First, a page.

So far, we have just considered air temperature as measured by a regular thermometer. But as you will agree after a winter stroll across the yard on a windy January day, there is more to feeling cold than just the temperature of the air. The amount of heat lost to the environment on a cold day is also affected by wind speed. This effect is known as wind chill. Wind chill occurs when there is relative movement between a warm surface (like a cow) and the surrounding air. Although individual air molecules are relatively poor conductors of heat, when they move in a steady stream over a surface, millions of molecules each pulling away a small amount of heat add to significant heat loss. In addition to this, the air movement disrupts the cow's boundary layer, a thin layer of still air which surrounds objects and acts as a insulative layer. When the boundary layer is pulled away, its insulative value is lost and heat loss increases rapidly. In fact, the first 10 kilometers per hours (kph) of wind speed (from 0 to 10 kph) has a greater effect than going from, say, 30 to 40 kph, due to the initial loss of the boundary layer. The effect of wind chill is shown in Table 2 This gives the heat loss equivalent of still air compared with moving air at the same temperature but at various wind speeds. For example, if the thermometer read -20 C', and wind speed was 15 kph, it would feel like it was actually almost 30 C'.
an L, T or triangle shape will allow cattle to choose the best side for protection as wind direction varies. Since cattle spend a great deal of time at feeders, placing them in areas sheltered from the wind is important. If the feeders are in a comfortable zone, the cattle will spend the maximum amount of time there and consume more feed, which is beneficial for both growing cattle on high energy diets and wintering cows on base quality roughages. Interestingly, not all open front barns make good windbreaks. Unless the influence of wind swirling and tunneling are taken into account, an open front barn can feel colder on a moderately windy day than being outside in the yard ! If you see cattle crowding into the corners of the barn on a windy day, or staying totally outside, they are telling you that the main barn areas are not comfortable. You need to consider some additional wind control structures.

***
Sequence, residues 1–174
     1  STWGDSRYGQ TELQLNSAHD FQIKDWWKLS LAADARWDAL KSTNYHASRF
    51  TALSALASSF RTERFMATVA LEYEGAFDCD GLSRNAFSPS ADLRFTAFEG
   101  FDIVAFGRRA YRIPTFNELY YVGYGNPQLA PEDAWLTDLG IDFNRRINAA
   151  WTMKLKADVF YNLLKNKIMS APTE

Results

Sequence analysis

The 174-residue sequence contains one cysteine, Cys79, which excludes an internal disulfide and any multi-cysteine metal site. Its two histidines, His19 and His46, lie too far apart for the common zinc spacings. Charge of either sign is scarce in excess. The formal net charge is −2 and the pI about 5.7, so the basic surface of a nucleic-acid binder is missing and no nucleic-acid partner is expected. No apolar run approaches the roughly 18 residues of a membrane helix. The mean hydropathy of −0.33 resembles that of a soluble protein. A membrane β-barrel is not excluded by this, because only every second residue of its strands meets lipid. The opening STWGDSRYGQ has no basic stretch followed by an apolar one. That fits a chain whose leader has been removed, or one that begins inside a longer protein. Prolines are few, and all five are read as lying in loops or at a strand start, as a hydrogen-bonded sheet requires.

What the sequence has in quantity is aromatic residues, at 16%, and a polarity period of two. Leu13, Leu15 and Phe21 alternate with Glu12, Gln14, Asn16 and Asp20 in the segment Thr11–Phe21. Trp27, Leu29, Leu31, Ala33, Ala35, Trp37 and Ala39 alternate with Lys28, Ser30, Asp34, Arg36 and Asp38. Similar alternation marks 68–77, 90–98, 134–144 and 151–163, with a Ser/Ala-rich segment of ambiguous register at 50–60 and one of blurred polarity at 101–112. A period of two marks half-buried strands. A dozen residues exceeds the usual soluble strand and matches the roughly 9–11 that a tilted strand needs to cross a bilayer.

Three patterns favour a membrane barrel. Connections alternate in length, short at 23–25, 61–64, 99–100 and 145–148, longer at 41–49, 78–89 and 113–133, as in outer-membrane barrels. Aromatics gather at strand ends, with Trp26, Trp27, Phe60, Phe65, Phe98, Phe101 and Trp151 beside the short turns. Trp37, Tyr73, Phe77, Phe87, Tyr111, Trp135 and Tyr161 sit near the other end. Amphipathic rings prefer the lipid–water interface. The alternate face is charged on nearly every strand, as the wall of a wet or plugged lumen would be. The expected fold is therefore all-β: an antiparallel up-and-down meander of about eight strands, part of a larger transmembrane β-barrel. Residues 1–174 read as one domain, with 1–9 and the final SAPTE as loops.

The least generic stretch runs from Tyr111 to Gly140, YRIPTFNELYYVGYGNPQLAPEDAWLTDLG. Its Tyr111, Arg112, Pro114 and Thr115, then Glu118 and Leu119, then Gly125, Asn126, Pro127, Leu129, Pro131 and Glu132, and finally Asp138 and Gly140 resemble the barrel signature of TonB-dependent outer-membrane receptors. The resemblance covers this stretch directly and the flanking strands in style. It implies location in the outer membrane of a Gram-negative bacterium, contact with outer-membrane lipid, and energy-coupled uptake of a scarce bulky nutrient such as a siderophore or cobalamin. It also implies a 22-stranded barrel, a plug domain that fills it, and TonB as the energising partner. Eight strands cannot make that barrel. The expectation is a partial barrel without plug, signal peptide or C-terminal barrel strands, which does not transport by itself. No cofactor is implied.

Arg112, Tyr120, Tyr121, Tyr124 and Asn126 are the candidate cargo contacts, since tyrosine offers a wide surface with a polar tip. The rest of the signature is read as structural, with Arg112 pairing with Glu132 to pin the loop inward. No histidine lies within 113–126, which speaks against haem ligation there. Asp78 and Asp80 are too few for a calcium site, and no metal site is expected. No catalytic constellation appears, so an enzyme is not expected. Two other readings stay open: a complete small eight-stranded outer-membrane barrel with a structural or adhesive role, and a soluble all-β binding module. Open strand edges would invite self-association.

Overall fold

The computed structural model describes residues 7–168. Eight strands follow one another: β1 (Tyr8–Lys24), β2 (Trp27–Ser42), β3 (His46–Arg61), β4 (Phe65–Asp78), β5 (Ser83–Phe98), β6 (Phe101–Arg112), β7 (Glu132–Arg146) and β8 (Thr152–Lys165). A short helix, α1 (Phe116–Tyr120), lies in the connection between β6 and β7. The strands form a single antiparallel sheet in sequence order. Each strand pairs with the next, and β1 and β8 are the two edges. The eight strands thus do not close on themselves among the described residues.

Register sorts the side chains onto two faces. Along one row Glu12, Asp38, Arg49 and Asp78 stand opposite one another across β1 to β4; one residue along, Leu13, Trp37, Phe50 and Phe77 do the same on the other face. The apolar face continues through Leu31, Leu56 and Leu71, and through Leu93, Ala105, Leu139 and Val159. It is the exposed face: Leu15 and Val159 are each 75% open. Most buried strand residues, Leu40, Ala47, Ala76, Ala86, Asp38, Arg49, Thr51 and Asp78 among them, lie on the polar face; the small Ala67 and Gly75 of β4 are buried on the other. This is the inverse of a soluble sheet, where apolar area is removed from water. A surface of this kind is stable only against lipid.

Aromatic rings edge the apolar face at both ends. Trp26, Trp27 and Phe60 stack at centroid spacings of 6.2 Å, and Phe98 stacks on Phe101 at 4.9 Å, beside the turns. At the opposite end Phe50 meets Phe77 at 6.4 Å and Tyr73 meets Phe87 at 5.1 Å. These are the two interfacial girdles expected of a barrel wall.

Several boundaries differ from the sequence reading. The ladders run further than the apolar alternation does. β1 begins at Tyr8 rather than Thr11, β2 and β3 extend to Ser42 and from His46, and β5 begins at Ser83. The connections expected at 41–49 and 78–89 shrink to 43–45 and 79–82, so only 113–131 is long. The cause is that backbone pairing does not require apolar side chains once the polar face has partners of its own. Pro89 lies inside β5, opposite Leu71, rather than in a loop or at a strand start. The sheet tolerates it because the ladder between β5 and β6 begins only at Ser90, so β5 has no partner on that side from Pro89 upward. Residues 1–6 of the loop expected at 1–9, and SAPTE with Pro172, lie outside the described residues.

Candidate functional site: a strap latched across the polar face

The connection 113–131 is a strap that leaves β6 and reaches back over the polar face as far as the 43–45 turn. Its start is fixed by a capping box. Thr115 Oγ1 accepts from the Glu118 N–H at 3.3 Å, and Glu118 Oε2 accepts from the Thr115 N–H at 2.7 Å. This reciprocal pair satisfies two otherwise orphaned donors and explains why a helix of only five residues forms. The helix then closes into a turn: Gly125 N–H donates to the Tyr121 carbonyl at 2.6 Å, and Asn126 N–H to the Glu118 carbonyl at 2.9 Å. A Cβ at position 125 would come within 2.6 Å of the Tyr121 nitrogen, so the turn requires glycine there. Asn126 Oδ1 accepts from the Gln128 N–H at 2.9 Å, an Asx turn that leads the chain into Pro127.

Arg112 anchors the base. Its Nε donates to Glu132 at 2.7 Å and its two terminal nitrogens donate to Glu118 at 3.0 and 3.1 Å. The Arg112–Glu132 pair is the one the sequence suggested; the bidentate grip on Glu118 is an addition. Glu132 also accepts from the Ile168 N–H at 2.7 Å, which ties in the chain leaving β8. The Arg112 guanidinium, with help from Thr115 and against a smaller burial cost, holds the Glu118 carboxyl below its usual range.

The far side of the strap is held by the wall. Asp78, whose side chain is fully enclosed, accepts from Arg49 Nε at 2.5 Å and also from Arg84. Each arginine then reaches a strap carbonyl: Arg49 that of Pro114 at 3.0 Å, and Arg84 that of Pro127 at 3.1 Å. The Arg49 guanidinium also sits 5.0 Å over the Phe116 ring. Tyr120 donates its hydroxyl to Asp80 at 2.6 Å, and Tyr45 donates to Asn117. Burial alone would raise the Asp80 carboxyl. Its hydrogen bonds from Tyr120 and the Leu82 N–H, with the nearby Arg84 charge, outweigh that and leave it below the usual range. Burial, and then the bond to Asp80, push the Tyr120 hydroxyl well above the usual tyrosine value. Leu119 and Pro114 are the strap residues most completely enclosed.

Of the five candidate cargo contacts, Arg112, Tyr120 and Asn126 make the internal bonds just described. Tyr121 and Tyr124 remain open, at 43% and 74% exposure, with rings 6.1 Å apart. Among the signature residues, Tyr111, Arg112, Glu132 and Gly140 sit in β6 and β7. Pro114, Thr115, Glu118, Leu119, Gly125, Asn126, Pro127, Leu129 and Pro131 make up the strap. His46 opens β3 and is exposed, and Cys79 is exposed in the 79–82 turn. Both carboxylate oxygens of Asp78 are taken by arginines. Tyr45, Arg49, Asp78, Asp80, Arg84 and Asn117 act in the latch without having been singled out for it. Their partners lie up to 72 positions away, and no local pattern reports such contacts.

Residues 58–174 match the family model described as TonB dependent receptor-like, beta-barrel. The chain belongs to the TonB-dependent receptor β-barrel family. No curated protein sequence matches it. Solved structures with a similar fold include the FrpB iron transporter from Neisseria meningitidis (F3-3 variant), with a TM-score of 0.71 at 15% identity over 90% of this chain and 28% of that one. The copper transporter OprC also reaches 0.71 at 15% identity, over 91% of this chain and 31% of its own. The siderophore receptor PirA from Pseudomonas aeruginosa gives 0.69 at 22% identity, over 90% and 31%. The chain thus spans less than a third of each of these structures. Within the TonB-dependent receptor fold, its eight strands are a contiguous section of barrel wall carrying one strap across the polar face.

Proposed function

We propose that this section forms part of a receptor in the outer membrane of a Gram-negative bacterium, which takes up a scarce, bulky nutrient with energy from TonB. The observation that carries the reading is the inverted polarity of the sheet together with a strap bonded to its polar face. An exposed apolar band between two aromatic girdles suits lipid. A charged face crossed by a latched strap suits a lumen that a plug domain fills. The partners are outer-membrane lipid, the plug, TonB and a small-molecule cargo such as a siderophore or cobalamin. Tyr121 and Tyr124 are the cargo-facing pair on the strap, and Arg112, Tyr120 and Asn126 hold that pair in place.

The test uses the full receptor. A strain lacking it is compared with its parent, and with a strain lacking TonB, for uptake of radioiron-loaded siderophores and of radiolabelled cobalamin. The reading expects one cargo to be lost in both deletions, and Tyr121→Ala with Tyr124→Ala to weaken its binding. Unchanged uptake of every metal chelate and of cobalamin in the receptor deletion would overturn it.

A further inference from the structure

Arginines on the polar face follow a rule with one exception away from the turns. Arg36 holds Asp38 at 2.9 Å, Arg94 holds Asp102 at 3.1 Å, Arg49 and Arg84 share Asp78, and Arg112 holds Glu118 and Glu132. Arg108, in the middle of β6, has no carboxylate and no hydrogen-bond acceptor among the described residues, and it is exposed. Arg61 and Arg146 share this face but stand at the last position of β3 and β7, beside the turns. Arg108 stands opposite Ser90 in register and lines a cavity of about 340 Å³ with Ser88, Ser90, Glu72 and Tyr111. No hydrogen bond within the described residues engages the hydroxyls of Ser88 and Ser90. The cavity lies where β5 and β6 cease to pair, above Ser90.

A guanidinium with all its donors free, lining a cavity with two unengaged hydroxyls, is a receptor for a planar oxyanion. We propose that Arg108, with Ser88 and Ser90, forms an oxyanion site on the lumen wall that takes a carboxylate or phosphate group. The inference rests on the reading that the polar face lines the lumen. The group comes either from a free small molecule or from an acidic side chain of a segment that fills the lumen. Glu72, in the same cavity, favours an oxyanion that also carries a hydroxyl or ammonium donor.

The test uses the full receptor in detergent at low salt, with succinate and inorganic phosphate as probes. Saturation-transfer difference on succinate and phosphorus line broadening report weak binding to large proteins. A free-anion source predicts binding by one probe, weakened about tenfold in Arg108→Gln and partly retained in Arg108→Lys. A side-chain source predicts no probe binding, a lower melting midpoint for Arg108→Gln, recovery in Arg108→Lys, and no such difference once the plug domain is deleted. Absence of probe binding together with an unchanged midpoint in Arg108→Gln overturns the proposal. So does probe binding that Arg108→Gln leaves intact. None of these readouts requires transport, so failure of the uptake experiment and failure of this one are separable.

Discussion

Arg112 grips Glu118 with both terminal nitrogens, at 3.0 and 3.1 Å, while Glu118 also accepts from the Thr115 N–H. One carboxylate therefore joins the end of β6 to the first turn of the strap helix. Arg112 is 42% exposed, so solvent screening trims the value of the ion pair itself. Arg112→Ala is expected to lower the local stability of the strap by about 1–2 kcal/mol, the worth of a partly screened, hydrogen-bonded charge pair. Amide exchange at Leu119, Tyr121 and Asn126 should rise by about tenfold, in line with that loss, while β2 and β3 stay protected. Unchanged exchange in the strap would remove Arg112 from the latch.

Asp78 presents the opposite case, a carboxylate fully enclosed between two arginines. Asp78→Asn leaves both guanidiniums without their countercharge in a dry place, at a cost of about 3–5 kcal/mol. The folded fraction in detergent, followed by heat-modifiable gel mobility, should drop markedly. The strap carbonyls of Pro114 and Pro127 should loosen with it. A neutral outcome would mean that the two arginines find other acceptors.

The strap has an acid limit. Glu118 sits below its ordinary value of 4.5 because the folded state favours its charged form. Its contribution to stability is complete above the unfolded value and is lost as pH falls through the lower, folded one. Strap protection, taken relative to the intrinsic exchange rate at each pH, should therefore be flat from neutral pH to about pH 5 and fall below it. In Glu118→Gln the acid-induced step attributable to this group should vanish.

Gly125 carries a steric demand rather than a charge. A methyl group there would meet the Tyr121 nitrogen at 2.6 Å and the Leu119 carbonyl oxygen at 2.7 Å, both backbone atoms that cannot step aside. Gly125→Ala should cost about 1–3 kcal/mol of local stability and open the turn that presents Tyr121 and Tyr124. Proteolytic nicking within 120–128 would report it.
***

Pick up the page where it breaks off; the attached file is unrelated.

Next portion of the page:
Figure 2: Plastic wind barrier screening makes an excellent wind break in open areas
Moisture also plays a role in heat loss. In contrast to air, water is a very good conductor of heat, and if the air spaces in the hair coat are filled with moisture, heat loss increases dramatically. So if an animal's hair coat is wetted by rain outdoors, or condensation drip in the barn, its insulative value plummets, and heat loss is rapid. Similarly, mud or manure glued onto the hair coat compresses it, squeezing out most air pockets and filling the rest with conductive material. With wet cattle, the need for extra feed energy to compensate for cold stress increases to 4% for each degree Celsius temperature drop below their lower critical temperature.
The key is to keep cattle clean prior to freeze up. Fresh paddocks, concrete yards and bedded packs go a long way to maintaining clean hides. After freeze up, mud becomes much less of a problem, and rain turns to snow, which has much less wetting power. As air temperatures drop, snow becomes drier and a better insulator. If cattle have a relatively large area with good snow cover, they can lay down comfortably without bedding. If the weather goes through freeze and thaw cycles, some bedding may still be required.
Understanding the principles of heat loss helps us help Bossy to manage winter conditions. The effects of air temperature, wind speed and moisture all work together in negative synergy to increase heat loss. Making sure cattle are acclimatized to winter, providing protection from wind, and minimizing the impact of wet conditions will dramatically improve cattle comfort and feed utilization.